Etendeka is located in a remote, barren but beautiful lanscape.
Etendeka Mountain Camp: Our full report
Etendeka Mountain Camp is a small, rustic eco camp, located in a private 500km2 concession area (effectively a private reserve) in the foothills of the Grootberg massif, which stands in stunning scenery amidst the ancient Etendeka lava flows of northern Damaraland. Here the basalt rock has been slowly eroded over millennia, leaving scattered boulders lying upon dramatic flat-topped mountains. One of the first 'real' safari camps in Namibia, Etendeka opened around 1991 and has been run since then by Dennis Liebenberg, ably assisted by his head guide, Bonny.
Etendeka Camp has ten walk-in tents under canvas roofs, with a couple of chairs and a table at the front. All are relatively simple, furnished with twin beds, a small table, a table lamp, two luggage racks and a metal clothes rail. Next to the tent, but not en suite, the bathroom is open to the sky, but enclosed at the sides. Here you'll find a washbasin with hot and cold running water, a fun and surprisingly good bucket shower, a flush toilet and electric lights. A curved stone wall beside each tent adds some privacy from the neighbouring tents.
Sandy pathways wind from the tents to the camp's modern, spacious but minimalist main area. This is open-fronted, with walls built out of gabions, using the local stone. The open-plan lounge has modern wicker furniture and a rustic wooden cabinet containing nature books. There is also a telescope used for stargazing in the evenings with Dennis: an interesting time learning about various constellations and the universe. The dining area, whose terracotta walls are hung with large prints of photos taken in the vicinity, has a long table surrounded by directors’ chairs and a bar tucked in the corner.. This is where Etendeka 's guests congregate for afternoon tea, sundowners around the campfire, and meals.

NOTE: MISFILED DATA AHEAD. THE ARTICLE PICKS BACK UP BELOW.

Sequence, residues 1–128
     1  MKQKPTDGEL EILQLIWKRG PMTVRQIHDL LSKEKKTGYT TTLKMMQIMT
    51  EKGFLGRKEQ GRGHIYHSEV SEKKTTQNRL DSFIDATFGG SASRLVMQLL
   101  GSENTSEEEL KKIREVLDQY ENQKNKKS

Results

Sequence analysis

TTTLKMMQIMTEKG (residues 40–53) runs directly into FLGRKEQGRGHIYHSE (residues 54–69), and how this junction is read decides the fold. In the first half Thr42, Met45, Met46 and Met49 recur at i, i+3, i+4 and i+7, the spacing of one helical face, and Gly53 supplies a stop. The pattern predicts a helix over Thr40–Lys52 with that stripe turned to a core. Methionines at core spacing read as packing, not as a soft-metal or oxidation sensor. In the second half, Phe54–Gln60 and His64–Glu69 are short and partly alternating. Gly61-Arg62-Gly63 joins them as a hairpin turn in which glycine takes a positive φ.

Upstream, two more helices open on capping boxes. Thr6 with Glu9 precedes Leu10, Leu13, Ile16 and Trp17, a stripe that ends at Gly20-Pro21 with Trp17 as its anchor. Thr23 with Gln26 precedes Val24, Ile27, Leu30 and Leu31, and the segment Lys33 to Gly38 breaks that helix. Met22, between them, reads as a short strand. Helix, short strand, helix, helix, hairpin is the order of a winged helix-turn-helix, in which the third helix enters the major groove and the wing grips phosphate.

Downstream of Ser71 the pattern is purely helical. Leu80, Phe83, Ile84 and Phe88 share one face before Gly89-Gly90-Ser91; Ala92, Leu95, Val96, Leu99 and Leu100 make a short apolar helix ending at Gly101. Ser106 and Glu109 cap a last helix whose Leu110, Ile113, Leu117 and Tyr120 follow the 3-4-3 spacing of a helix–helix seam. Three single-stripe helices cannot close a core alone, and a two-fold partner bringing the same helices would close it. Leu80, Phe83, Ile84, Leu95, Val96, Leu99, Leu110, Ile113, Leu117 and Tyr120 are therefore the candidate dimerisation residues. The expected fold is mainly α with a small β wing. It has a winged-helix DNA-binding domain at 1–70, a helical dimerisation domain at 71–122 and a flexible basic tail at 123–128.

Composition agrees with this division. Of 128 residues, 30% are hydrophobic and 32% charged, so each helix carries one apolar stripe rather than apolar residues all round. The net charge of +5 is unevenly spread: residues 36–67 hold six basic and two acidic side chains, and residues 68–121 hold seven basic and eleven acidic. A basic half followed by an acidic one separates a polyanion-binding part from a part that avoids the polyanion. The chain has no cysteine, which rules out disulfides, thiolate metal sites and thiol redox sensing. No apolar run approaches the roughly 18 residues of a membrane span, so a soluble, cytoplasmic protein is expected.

The camp also has a swimming pool, complete with a faux-grass surround and sunloungers. The pool is enclosed on three sides by stone gabion walls, so it is sheltered from the wind and is also fairly secluded.
Both Dennis and Bonny know this part of Damaraland like the back of their hands and are passionate about the area, the geology and the wildlife that inhabit this harsh landscape. Activities from the camp are included in the rates – and focus on game drives and guided walks, at which Etendeka excels. The area's geology is especially interesting, and travelling on foot can be fascinating. The 'Quartz Walk' is littered with amazing quartz and agates – although the guides are strict that these are for viewing only! The guiding here is excellent, and Bonny can tell you all sorts of facts about the local environment as well as about Namibian history and sociology. It's worth noting, though, that there isn't much flexibility with activities as there are only two vehicles at Etendeka, and when the camp is full (a maximum of 20 guests) they feel a little crowded. However, at the time of our visit in December 2015 Dennis was in the process of training another guide to assist when the camp is full.